Sunday July 11, 2004

I’m finished with the back of Siv, and nearly finished with the front. I’m doing the shaping now, so I have to pay attention. This is the point at which I determine whether the sweater fits or not. So there is a lot of counting and measuring required.

Lavold (the designer of the pattern) recommends measuring the pieces while they hang in the air. This, she says, is how the sweater will be worn. This sounds very reasonable until you actually try it. You can try it right now. Go ahead, get a sweater and hold it up in one hand. As it dangles there, pull out your tape measure and check the distance from the beginning of the armhole to the shoulder. You will find that this is impossible.

Knitting geeks usually lay their pieces out, put pins in them at strategic points, and measure between the pins with a ruler. They also make schematics before they begin knitting, and calculate the correct measurements and stitch counts at each point. They have rulers, measuring tapes, and knitting gauges handy in their knitting baskets, too.

I am not a knitting geek. Remember, I am the one who hasn’t bothered to find the cabling needle. But of course I believe in measuring. I just use a more old-fashioned system. I know that the first joint of my index finger is about 1″. The first two joints make 2″. If I hold my hand in an L shape, it is about 4″ from the beginning of my thumb to the tip of my index finger. From the tip of my thumb to the tip of my little finger, well stretched, is 8″. So I can do a lot of measuring without actually having to get up and find some official tool for measurerment.

I think this is handy. Everyone should check out the basic measurements of their hands so they can do this. You can estimate most measurements under a foot in this way. You can also estimate the measurement of your foot — it’s about the same as the distance from the crook of your elbow to your wrist. So you can check the progress of socks as you knit them, without having to take off your shoes. If you stand with your arms outstretched, the span from one fingertip to the other is about your height. And if you hold a closed waistband up and wrap it around your neck, you can quickly estimate whether the garment will fit you or not. People will think you are odd, but it works.

I have no tips on quick estimates of volume. #2 daughter and I went  to the farmer’s market yesterday. Our own garden is filled with lovely tomatoes, peppers, melons, squash, and herbs, but one cannot live on these things alone. We also need blueberries, peaches, and green beans. So there we stood at the stalls, keeping the farmers waiting while I tried to guess how much of each thing we might need. Quick, visualize a pie and calculate the number of peaches needed for said pie. Then add on the number of peaches that will be eaten before we get around to making the pie. It’s even harder with blueberries, because the dogs eat those, too. On the other hand, you don’t have to do any mental switches from big round fruit to slices, when you are figuring in blueberries. On the third hand, you do have to consider the need for making blueberry pancakes, plus the random eating of handfuls for berries, and feeding them to the dogs, before anyone actually makes a pie. The best plan is just to buy lots and lots, because after all who knows?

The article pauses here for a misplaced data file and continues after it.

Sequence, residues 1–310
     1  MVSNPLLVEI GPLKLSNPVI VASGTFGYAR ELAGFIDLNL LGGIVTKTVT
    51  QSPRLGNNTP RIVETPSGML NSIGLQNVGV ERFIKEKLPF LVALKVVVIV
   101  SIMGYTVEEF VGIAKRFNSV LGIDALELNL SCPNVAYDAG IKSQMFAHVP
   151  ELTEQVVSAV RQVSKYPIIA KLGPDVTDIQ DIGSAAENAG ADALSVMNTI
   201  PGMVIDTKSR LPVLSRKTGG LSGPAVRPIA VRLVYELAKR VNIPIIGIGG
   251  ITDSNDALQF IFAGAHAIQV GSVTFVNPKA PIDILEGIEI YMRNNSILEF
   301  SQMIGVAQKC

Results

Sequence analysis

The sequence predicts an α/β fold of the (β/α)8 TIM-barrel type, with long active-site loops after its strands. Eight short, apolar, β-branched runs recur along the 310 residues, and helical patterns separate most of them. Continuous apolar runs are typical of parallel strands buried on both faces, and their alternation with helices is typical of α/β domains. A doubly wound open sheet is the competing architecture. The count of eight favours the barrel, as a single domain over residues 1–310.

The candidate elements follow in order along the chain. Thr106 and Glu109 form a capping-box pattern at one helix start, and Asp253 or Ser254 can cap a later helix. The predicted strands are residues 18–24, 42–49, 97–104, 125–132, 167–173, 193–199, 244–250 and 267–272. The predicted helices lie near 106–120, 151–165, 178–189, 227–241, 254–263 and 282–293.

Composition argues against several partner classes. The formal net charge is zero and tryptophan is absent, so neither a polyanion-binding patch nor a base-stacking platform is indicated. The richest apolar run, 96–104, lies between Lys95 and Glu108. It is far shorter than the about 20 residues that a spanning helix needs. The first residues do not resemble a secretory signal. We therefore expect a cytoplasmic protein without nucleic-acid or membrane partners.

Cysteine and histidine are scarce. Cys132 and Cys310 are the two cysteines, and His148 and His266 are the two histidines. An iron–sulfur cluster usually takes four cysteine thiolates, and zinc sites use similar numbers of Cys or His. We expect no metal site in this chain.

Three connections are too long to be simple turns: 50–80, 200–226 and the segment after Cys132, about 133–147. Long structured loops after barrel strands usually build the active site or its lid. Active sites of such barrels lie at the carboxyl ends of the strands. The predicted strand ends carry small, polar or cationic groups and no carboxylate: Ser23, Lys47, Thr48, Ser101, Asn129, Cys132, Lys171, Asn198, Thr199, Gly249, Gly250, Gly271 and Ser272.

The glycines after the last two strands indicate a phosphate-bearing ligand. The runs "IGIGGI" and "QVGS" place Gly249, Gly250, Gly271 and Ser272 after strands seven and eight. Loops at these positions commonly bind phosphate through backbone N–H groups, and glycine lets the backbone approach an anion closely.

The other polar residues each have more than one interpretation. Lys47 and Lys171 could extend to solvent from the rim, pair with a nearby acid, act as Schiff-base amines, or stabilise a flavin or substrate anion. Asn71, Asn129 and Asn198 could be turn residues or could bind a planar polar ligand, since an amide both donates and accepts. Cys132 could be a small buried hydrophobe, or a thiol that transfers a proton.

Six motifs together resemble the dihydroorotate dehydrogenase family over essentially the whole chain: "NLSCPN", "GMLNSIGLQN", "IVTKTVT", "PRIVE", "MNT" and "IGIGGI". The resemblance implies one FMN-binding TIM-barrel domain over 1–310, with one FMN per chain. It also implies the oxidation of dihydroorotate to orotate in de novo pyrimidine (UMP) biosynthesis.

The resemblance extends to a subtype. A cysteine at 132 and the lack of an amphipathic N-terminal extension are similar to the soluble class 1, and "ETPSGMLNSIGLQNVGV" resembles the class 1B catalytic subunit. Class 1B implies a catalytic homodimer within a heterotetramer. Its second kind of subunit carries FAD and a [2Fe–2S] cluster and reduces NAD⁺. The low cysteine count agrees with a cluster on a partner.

This is a popular approach for the buying of yarn as well. It would seem that people who calculate and measure as much as knitters do would be able to buy the right amount of yarn with perfect confidence. You can weigh a sweater made with a similar yarn, and buy the same number of ounces. You can keep careful notes and buy the number of skeins you have used for this kind of yarn in the past. You can even use the number of skeins suggested in the pattern. And yet most knitters buy way more yarn than they need.

It may be because it is hard to estimate volume, even though no one will be eating the yarn before you get around to making the sweater. Estimating weight is tricky, too. I really only know of two good landmarks for this: first, the average cat weighs about 8 pounds. Second, you can send 4 quarters for the price of one stamp. Neither of these pieces of information helps much with a sweater, even if you intend to make a sweater for a cat and mail it. But I think the most likely explanation is that we like to buy yarn.

There is a yarn shop near the Farmer’s Market. #2 daughter and I parked directly outside it, even though I do not need any yarn until I finish Siv. We finished our vegetable and fruit purchases and got back to the car just five minutes before they opened. We loitered around a bit, and even went up and peeked through the window in hopes that the yarn ladies would open early and let us in. No such luck. It didn’t seem reasonable to stay there in the heat with a car full of produce just so we could go in and touch a lot of yarn we had no intention of buying, so we went on home. Sigh.